Friday, February 26, 2016

To The Stars!-Classics Illustrated 165A (1961)

The last comic book for February is To The Stars! (don't forget the exclamation point). While it does not have very much space coverage, being mostly about the planets it does have a dynamite cover.

Classics Illustrated. Illustrated by Torres, Angelo, Kirby, Jack, and Glanzman, Sam. To the Stars! New York : Gilbert Company. (96 p.) 26 cm. Softcover.

 Covers the history of space flight and astronomy. Also has sections on the constellations and the conditions on the various planets of the solar system.  Has a great cover painting of a rocket launch. Classics Illustrated Special Issue (#165A) December 1961.

 The picture of the rocket leaving the Moon is almost screensaver material and the manned ships passing Saturn, Uranus, and Neptune, show that manned flight (at least for the views) would be worth the trip :)

Friday, February 19, 2016

Rockets, Jets and Missiles-Classics Illustrated 159A (1960)

Yet another of these great non-fiction comics. This one especially concentrated on the developing manned space program and its many off-shoots.

Classics Illustrated. Illustrated by Evans, George, Glanzman, Sam and McCann, Gerald. Rockets, Jets and Missiles. New York : Gilberton. (96 p.) 26 cm. 

 Covers the history of rockets, a dictionary of "space" terms, called "Space Talk," descriptions of each of the planets, military rockets, and Project Mercury. Many illustrations of rockets and astronauts. "Classics Illustrated Special" (Issue #159A) December 1960.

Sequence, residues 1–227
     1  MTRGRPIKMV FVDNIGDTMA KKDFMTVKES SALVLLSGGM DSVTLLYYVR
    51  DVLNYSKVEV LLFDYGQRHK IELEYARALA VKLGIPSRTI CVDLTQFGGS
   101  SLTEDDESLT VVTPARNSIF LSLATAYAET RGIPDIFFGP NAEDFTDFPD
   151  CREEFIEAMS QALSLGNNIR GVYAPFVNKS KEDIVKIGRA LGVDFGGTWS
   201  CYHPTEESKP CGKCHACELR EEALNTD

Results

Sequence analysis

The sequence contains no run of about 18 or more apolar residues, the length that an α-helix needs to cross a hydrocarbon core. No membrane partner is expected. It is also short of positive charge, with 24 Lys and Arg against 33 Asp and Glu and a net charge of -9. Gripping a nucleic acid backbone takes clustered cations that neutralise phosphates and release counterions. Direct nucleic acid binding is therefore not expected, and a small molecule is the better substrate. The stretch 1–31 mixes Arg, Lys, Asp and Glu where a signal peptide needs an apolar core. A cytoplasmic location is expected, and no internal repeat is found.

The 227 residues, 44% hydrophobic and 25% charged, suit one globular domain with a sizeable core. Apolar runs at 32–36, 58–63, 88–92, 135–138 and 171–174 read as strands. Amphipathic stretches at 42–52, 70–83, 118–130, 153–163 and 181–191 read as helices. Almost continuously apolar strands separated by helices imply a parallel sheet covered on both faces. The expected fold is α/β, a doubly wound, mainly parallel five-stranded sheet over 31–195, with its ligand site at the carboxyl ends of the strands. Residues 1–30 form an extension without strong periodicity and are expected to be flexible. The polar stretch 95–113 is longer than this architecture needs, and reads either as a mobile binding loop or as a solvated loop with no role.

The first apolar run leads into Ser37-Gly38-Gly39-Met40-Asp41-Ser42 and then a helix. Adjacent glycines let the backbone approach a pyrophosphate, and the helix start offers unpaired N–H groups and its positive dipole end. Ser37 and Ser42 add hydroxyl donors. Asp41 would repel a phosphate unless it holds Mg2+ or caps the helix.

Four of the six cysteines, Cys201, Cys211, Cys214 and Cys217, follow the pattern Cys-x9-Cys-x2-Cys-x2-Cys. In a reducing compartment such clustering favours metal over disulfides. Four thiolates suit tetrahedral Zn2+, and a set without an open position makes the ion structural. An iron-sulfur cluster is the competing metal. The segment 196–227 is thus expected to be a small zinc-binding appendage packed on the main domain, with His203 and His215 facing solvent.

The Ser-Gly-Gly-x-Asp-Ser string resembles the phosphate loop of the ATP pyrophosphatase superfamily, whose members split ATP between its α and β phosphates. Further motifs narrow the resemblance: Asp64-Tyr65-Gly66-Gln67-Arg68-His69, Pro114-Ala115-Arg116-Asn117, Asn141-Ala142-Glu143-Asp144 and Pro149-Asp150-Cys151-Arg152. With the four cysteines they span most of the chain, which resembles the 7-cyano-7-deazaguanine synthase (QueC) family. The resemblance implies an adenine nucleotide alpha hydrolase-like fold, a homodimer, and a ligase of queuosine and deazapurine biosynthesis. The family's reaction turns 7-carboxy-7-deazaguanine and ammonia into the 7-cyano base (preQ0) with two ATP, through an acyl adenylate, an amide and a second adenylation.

I enjoyed the many "Space Talk" illustrated definitions. the terms are focuses more on military rockets than manned flight but are very interesting. These are relatively sophisticated terms to share with children.

I also like these depictions of atomic propulsion and ion propulsion. the rockets are futuristic but the technology is described reasonably clearly.

Still more "Space Talk." I couldn't resist sharing the whole "dictionary."

 "Seven for space" is a nice story about the prospective Mercury astronauts and their training.

 "Off into Orbit" describes what the first orbital flight might be like.

 "Doorway to tomorrow" is their futuristic story . It describes how spaceflight will change our daily lives.

Friday, February 12, 2016

The Illustrated Story of Space-The World Around Us #5, Classics Illustrated (1959)

Classics Illustrated. Illustrated by McCann, Gerald, Glanzman, Sam, and Tartaglione, John. The Illustrated Story of Space. Classics Illustrated. (80 p.) 26 cm. 

Contains illustrated stories on training for space, the first rocket to the Moon, the history and use of the rocket, the launch of Vanguard 1, and the construction of a space station. "The World Around Us" (#5) January 1959. Also UK edition World Illustrated #505.

So much to show, I wish I had the energy to scan all 80 pages of space goodness. Instead I have tried to take a deep sample of some of the articles inside.

This next story I am also lucky enough to have a couple of the pages from. Original art for this story is not valuable just really obscure, but I love these pen and ink drawings that are 19 inches tall in person.

 The last story in this book is slightly fictional but I think you will forgive me. It depicts the construction of a space station and then the launch from that station of a Moon expedition. Really nice set of illustrations of an adventure that was said to be just around the corner.